• $\begingroup$ @Cort Ammon in balance, if it is at all possible on one planet. If no, then they are at different but closely located planets. $\endgroup$ – Anixx Jan 9 '15 at 23:51
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First, a lot of setup

For this answer I have to make a lot of assumptions about how AI's work vs. how organic brains work. I find the most meaningful answer coming from a quad chart based on two ways of valuing a "thing." They're certainly not the only two ways to value things, but they prove useful for me when thinking about AI.

I chart value of objects on how well an object behaves when it works "as defined," and how well an object behaves when it works "out of spec," (i.e. when you ask it to do something you don't think it's "expected" to do, how well does it keep up)

                Out of Spec Behavior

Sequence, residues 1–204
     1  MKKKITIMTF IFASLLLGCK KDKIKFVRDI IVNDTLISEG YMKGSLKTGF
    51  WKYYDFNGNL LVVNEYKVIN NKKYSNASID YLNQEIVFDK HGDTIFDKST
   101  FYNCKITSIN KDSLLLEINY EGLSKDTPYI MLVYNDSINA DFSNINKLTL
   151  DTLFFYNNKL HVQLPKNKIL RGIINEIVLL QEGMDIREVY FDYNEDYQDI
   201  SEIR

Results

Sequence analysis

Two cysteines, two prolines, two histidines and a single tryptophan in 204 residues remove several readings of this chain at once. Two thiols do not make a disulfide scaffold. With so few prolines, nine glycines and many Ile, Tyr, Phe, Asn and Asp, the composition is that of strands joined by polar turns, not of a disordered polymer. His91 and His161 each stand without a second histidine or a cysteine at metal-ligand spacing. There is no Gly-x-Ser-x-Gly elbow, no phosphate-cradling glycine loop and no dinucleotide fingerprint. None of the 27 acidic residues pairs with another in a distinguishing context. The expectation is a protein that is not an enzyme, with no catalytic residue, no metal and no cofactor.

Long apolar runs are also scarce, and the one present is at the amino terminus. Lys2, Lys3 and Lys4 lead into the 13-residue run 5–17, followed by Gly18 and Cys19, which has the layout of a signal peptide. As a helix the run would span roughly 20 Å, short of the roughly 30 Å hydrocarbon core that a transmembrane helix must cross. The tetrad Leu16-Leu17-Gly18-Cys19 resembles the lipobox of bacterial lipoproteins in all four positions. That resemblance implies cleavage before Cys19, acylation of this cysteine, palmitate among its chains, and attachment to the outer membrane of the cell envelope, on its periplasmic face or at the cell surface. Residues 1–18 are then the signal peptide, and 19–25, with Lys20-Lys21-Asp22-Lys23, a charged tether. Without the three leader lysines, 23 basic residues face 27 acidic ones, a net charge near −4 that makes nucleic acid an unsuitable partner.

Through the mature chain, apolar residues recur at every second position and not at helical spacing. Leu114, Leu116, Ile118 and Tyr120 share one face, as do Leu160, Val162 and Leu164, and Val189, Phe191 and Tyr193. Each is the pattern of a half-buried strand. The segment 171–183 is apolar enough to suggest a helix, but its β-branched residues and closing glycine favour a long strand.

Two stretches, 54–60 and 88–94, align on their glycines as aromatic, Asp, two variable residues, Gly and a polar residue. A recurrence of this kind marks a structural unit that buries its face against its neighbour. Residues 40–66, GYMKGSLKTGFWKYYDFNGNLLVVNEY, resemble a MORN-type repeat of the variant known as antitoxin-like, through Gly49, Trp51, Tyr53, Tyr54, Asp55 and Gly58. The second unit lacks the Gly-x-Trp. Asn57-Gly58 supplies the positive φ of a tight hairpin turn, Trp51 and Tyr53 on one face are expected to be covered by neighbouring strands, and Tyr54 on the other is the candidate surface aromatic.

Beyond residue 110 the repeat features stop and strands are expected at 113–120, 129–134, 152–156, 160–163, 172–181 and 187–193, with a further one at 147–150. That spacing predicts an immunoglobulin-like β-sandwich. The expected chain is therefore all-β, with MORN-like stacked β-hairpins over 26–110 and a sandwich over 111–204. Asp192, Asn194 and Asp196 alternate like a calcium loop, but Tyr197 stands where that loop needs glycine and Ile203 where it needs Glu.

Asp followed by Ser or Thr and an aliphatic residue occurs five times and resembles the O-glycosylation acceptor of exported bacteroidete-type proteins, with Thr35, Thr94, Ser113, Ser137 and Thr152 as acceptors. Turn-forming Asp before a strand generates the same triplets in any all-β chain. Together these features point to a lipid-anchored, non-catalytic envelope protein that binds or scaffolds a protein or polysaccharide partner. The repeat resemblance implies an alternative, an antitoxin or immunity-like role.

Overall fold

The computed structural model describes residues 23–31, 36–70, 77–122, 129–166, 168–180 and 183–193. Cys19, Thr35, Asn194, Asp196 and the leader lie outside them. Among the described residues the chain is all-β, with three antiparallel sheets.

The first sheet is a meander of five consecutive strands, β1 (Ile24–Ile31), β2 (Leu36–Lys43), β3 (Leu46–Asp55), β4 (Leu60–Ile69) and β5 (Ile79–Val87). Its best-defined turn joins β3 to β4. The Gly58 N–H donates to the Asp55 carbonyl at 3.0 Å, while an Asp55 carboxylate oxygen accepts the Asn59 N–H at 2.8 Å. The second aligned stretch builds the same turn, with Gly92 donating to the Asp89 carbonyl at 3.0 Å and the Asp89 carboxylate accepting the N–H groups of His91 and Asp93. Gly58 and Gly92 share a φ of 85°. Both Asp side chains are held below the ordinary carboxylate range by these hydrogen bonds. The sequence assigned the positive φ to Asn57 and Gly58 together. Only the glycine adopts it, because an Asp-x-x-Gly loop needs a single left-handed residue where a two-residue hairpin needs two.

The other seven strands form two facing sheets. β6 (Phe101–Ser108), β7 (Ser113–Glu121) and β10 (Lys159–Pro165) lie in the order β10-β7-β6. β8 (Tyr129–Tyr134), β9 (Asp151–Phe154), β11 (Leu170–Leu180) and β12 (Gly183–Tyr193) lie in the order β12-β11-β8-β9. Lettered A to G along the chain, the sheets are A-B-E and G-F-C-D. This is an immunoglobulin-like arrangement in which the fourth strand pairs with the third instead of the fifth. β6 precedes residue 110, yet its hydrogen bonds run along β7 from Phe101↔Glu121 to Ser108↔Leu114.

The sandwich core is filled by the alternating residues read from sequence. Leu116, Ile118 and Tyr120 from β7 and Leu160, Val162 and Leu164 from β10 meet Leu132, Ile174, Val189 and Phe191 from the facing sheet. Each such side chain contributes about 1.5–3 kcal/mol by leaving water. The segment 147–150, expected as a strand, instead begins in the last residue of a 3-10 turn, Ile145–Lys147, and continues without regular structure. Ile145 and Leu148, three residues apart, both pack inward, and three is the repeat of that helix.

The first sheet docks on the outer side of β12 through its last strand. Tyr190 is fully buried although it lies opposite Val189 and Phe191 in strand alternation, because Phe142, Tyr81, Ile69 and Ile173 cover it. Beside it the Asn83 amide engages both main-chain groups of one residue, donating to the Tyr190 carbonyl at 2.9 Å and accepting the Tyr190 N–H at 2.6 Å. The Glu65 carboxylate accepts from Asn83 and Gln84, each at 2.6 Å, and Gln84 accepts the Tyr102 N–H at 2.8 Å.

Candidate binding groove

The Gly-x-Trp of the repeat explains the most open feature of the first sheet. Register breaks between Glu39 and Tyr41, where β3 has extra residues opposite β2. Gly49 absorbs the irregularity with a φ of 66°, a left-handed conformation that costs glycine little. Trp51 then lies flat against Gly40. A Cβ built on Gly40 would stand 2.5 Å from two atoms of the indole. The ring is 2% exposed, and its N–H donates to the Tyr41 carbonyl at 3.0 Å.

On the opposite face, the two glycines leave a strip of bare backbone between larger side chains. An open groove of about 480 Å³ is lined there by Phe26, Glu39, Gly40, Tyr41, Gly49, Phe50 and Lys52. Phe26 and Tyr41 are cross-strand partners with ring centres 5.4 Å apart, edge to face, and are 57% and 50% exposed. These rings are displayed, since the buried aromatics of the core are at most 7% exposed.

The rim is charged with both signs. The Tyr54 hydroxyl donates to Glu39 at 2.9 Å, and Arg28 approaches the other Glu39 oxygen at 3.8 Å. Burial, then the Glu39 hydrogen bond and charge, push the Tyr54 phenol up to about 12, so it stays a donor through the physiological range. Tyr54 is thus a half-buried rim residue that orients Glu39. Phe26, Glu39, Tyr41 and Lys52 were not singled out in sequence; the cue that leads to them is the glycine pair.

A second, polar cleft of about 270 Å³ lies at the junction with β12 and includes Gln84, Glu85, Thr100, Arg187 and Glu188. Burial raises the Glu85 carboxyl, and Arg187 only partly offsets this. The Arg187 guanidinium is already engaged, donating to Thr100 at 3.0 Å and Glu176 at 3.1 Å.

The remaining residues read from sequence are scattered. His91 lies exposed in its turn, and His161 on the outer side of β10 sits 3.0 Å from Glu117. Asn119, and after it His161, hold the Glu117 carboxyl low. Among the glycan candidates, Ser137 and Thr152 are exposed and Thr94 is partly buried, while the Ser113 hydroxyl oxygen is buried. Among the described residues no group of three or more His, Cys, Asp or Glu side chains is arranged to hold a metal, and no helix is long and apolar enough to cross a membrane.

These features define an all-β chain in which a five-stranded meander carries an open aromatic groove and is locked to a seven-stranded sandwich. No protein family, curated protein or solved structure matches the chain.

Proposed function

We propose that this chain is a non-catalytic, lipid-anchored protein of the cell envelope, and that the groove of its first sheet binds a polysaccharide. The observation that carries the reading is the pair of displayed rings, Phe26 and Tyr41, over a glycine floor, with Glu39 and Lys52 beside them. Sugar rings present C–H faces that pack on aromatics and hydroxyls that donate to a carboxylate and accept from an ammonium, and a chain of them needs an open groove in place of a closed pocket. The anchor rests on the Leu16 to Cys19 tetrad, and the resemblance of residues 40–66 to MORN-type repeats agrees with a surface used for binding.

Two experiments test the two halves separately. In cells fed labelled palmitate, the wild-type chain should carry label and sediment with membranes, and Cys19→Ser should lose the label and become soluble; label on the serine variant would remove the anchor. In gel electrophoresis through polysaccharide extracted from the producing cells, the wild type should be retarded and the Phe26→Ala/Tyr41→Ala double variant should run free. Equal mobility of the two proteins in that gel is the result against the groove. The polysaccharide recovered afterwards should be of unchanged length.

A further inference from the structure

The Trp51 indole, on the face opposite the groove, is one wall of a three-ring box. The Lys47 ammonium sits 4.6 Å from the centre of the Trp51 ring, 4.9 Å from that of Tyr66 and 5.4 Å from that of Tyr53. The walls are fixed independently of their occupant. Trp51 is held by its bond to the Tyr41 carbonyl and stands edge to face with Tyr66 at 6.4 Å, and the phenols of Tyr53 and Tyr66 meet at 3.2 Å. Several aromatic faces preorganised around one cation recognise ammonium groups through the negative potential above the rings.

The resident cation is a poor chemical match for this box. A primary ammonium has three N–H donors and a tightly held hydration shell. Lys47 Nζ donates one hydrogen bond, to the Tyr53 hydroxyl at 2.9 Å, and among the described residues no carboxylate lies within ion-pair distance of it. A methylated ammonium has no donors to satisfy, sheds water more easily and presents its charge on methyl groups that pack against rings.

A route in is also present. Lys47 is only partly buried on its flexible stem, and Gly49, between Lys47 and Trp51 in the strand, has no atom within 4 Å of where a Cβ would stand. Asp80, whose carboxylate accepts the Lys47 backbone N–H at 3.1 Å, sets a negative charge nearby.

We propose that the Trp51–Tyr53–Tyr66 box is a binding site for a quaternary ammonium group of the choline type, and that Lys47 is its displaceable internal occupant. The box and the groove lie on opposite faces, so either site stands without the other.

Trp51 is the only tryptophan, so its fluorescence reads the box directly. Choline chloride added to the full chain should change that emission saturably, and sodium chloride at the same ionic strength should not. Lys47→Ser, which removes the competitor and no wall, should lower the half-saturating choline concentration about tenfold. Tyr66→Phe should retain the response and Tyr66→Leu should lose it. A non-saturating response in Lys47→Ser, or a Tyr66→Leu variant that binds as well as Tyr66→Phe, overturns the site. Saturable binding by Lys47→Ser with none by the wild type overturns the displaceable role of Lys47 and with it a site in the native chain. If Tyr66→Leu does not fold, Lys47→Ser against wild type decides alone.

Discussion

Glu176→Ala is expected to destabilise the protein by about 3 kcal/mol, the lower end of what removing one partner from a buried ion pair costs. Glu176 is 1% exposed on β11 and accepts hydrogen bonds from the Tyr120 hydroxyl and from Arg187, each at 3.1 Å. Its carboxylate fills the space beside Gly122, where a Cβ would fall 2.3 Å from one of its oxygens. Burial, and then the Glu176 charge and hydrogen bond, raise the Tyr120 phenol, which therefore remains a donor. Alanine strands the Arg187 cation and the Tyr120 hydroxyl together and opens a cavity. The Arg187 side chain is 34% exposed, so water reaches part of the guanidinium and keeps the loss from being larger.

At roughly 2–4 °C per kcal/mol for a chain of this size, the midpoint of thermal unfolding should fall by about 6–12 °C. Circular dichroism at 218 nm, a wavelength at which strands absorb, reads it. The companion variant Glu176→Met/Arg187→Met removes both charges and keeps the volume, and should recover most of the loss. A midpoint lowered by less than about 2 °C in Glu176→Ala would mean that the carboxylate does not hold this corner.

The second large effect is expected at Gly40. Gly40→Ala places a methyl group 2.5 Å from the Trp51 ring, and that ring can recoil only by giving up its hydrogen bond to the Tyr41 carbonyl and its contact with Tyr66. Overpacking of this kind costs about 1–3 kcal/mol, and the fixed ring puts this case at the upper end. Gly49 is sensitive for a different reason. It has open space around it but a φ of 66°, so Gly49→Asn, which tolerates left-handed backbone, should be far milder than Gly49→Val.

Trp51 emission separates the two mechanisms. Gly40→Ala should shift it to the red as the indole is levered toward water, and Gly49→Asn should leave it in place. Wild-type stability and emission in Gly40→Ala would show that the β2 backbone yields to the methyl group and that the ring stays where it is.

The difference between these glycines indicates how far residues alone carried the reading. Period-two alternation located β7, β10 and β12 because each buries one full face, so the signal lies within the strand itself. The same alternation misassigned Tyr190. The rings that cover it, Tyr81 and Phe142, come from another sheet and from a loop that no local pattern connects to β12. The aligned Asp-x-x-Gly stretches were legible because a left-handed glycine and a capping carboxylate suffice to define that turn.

Poor    |   Good
              +---------+-------------+
As       Good | Tool    | Interesting |
Defined ------+---------+-------------+
Behavior Poor | Crude   |  Resilient  |
              +---------+-------------+
  • Crude things are not good at anything. They fall apart with use, and are generally not very good at adapting to new situations. The modern human category of "child's toys" fits in this block.
  • Tools are amazingly good at what they do best. Once we devise a tool, and understand its abilities, they prove amazingly good at accomplishing goals. However, they are often very narrowly focused, unable to adapt to changing environments. A helicopter can fly in ways that are a marvel to behold, as long as they are kept within spec. However, on Everest, humans climb higher than any helicopter can go because the air is too thin. There was a famous rescue on the lower slopes of Everest where a helicopter pilot decided it was worth the risk, but refused to land at that altitude for fear the machine would not be able to take off again. He instead hovered just a few feet off the snow, carefully feeling for a sign that the helicopter was leaving its spec range.